Predicting Ponderosa Pine Plantation Yields Using Unmanaged Stand Data
Abstract:A method has been developed to predict the yield of intensively managed forest plantations when no managed stand data exists. Using individual tree data obtained from unmanaged stands, prediction equations were developed for ponderosa pine (Pinus ponderosa Laws.) plantations in the Blackfoot River drainage in western Montana. Volume yields were predicted for plantations up to 80 years old, ranging in initial spacing from 2 X 2 m to 5 X 5 m, as a function of age, initial density, and site index. The initial spacing of individual dominant trees in unmanaged stands was estimated as a function of the trees' past radial growth rates and diameters, and the location of the trees' nearest neighbors. Because of the sigmoidly shaped pattern of plotted data points, nonlinear regression techniques were used to predict mean tree dbh and volume, and current density, each as a function of age, initial density, and site index. For both models, predicted values increase substantially as initial spacing increases from 2 m to 3 m, with smaller increases as initial spacing further increases from 3 m to 5 m. Yield is inversely related to initial spacing for all site indexes. Forest Sci. 29:503-514.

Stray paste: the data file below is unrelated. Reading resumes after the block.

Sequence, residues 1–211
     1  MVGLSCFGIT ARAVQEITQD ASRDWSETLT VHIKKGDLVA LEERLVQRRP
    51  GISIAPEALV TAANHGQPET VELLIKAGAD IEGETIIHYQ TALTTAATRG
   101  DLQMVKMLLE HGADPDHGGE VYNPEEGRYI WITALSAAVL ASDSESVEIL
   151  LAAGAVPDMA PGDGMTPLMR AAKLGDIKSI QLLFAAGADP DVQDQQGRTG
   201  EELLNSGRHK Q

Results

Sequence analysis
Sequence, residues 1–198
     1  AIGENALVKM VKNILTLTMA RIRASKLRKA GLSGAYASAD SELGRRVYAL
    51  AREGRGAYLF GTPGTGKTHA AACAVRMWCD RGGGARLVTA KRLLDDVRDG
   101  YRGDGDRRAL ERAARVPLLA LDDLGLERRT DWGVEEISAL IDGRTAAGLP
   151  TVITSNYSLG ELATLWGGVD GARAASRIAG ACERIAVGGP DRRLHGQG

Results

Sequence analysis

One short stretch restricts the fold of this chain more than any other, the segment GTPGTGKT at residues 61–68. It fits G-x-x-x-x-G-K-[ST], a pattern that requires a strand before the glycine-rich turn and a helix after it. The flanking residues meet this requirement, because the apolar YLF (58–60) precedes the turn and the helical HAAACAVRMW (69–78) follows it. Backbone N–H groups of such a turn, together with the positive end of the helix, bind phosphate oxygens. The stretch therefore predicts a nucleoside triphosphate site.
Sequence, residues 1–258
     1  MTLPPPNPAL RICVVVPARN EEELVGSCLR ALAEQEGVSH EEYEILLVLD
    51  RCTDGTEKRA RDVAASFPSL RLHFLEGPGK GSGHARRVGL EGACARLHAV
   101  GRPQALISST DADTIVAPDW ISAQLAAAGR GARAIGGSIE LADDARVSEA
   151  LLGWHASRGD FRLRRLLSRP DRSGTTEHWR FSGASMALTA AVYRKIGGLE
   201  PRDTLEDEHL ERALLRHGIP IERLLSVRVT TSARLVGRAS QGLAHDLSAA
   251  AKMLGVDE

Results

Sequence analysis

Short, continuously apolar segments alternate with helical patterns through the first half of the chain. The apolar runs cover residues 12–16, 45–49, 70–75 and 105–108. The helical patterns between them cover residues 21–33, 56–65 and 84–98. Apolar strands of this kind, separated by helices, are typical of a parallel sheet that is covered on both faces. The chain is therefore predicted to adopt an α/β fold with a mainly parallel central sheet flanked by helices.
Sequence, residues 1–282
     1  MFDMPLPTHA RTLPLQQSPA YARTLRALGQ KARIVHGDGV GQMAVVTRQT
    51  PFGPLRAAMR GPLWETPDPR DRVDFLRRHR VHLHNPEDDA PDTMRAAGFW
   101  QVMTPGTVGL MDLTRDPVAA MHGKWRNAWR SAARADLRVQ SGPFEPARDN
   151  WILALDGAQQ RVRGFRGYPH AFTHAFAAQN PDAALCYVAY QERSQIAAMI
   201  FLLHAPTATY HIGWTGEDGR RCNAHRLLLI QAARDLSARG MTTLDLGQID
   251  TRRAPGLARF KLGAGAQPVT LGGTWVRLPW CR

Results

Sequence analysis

Document Type: Journal Article
Affiliations: Associate Professor, School of Forestry, University of Montana, Missoula, MT 59812
Publication date: September 1, 1983
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- Forest Science is a peer-reviewed journal publishing fundamental and applied research that explores all aspects of natural and social sciences as they apply to the function and management of the forested ecosystems of the world. Topics include silviculture, forest management, biometrics, economics, entomology & pathology, fire & fuels management, forest ecology, genetics & tree improvement, geospatial technologies, harvesting & utilization, landscape ecology, operations research, forest policy, physiology, recreation, social sciences, soils & hydrology, and wildlife management.
Forest Science is published bimonthly in February, April, June, August, October, and December.
2015 Impact Factor: 1.702
Ranking: 16 of 66 in forestry
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